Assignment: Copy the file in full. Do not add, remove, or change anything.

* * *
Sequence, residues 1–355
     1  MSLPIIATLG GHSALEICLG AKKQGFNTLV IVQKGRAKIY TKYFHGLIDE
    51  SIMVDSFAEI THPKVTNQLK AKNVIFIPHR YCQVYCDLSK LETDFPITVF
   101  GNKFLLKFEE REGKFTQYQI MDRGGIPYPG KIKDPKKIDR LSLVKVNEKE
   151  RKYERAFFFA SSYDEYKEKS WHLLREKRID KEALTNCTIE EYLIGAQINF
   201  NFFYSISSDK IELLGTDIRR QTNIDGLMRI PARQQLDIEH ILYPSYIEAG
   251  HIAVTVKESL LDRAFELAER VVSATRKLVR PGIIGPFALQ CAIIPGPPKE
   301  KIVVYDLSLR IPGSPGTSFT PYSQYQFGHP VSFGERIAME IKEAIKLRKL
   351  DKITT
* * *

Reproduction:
Sequence, residues 1–355
     1  MSLPIIATLG GHSALEICLG AKKQGFNTLV IVQKGRAKIY TKYFHGLIDE
    51  SIMVDSFAEI THPKVTNQLK AKNVIFIPHR YCQVYCDLSK LETDFPITVF
   101  GNKFLLKFEE REGKFTQYQI MDRGGIPYPG KIKDPKKIDR LSLVKVNEKE
   151  RKYERAFFFA SSYDEYKEKS WHLLREKRID KEALTNCTIE EYLIGAQINF
   201  NFFYSISSDK IELLGTDIRR QTNIDGLMRI PARQQLDIEH ILYPSYIEAG
   251  HIAVTVKESL LDRAFELAER VVSATRKLVR PGIIGPFALQ CAIIPGPPKE
   301  KIVVYDLSLR IPGSPGTSFT PYSQYQFGHP VSFGERIAME IKEAIKLRKL
   351  DKITT